The Blue Ribbon Commission (BRC), a federally established advisory panel meant to study the issue of nuclear waste management, presented its findings to lawmakers on Capitol Hill today. This article in The Hill gives details on the hearing. Former Congressman Lee Hamilton and Retired Lt. Gen. Brent Scowcroft, the co-chairs of the BRC, testified. They spoke about the Commission’s recommendations which were more focused on the process by which a nuclear waste disposal site would be established.
When questioned by the Committee why they did not make specific siting recommendations, they identified that the BRC was not meant to look at, or even suggest, siting. They also made it clear that the BRC did not issue an opinion about the future of the Yucca Mountain nuclear waste disposal facility. Some Representatives argued that Yucca Mountain was supposed to be the solution to the nation’s nuclear waste problem. Politics played a role in the discussion as some Congressmen accused various decision makers of obstructing progress on the Yucca Mountain site.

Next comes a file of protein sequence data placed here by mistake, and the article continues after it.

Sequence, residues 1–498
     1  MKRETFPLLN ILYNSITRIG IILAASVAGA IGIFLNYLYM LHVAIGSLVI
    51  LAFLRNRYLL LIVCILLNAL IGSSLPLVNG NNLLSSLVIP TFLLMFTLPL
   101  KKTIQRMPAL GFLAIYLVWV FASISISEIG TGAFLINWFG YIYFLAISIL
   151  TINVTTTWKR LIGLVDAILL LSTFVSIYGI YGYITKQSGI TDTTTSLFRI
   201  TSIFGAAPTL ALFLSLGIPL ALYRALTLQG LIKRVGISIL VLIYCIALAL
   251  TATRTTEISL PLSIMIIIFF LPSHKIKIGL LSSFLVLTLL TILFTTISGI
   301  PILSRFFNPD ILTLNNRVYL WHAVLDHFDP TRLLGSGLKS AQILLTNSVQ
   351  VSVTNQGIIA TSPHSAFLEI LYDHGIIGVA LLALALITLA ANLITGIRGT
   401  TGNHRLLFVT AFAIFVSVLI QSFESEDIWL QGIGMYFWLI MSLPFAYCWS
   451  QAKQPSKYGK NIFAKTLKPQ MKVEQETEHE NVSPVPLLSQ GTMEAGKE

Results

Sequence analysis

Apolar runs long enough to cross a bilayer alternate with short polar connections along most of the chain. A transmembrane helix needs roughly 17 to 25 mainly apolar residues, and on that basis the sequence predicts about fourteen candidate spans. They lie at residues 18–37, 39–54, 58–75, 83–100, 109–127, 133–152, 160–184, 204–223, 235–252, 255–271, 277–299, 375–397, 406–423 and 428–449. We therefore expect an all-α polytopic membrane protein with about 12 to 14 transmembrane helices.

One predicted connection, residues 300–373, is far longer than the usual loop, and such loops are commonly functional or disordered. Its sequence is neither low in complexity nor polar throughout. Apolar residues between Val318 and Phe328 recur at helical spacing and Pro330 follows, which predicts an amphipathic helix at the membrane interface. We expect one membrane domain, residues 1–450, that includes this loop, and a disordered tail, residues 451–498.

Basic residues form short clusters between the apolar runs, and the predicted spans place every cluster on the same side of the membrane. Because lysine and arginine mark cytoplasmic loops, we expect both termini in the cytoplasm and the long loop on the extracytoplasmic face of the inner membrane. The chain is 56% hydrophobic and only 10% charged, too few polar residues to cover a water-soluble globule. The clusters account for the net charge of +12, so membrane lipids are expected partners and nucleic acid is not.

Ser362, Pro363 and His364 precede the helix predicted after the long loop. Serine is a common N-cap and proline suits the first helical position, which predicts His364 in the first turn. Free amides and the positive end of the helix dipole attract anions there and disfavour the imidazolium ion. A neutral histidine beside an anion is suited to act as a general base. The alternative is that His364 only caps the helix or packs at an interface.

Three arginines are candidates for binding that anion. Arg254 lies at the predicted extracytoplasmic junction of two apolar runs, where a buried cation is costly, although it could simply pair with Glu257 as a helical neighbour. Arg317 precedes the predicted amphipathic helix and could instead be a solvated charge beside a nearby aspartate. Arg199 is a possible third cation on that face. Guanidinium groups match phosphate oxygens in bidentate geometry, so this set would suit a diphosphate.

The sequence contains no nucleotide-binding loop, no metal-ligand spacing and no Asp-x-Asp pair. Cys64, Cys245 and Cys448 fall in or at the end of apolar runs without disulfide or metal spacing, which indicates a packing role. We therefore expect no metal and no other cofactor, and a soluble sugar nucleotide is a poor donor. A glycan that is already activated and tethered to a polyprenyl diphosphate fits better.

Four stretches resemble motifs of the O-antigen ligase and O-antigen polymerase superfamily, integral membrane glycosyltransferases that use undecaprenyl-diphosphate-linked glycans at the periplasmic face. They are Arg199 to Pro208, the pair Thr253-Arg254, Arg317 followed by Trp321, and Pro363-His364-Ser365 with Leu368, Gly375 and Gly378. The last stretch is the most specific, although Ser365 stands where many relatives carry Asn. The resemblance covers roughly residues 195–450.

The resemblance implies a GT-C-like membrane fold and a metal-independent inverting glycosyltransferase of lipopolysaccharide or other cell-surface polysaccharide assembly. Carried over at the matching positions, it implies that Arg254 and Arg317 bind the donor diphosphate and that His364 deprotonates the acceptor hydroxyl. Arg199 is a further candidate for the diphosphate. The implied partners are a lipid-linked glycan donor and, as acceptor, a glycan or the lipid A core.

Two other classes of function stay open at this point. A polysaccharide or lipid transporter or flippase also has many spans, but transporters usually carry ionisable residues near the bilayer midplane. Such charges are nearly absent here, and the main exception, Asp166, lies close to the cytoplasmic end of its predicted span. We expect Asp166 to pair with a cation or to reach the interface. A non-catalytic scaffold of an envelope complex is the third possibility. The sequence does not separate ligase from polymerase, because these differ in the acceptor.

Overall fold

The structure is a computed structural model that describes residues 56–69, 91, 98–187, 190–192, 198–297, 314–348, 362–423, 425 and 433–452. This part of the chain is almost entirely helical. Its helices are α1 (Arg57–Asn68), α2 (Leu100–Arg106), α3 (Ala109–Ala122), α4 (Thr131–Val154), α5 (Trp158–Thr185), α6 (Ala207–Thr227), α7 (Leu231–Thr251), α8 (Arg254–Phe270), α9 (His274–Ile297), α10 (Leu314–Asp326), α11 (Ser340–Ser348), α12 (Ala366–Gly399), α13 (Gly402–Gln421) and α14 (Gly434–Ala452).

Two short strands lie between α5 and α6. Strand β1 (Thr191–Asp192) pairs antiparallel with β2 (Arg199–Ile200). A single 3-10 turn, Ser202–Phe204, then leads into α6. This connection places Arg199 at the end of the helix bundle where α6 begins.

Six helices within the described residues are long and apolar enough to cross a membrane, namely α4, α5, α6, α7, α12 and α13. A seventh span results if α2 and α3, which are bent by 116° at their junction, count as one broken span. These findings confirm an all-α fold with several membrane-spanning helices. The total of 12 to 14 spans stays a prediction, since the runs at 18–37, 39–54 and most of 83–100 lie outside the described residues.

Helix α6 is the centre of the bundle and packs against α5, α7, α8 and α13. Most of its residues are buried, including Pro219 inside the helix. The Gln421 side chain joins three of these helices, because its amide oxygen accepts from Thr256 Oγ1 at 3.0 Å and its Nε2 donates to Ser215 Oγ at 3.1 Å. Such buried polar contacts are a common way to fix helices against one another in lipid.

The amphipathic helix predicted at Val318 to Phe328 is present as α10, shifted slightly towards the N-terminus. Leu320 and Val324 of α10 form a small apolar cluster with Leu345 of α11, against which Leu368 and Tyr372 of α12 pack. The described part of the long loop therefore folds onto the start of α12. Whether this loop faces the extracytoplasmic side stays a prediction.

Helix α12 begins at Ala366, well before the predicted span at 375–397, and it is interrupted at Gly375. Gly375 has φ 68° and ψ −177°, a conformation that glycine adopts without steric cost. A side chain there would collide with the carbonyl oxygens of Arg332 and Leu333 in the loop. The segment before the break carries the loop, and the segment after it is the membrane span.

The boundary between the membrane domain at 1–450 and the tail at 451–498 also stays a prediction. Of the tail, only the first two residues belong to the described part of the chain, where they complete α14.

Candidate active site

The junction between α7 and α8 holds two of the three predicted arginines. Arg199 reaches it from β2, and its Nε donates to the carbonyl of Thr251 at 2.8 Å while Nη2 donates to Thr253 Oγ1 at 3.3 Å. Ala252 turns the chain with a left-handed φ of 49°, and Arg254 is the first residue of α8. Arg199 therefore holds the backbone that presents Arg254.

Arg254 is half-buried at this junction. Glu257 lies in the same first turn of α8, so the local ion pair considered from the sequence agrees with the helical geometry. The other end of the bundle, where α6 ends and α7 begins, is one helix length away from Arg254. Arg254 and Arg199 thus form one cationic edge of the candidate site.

It was also noted that the Department of Energy bares a significant amount of liability (at least $2 billion by some estimates) for not being able to guarantee federal administration of nuclear waste disposal. At present, radioactive waste is typically stored on the reactor site where it is generated. Members who have nuclear plants in their districts identified this as a major concern for the safety and health of their constituents.
Jobs also factored into the debate as the promise of a new waste facility also carries construction and staffing contracts with it. Politics and personalities aside, what is clear is that America needs to figure out what to do with its civilian nuclear waste if its nuclear power industry is to survive. With respect to Yucca Mountain, from my point of view, policy makers have put all of their eggs in the Yucca Mountain basket, and now that’s been dropped, they need to start over and begin to lay new options.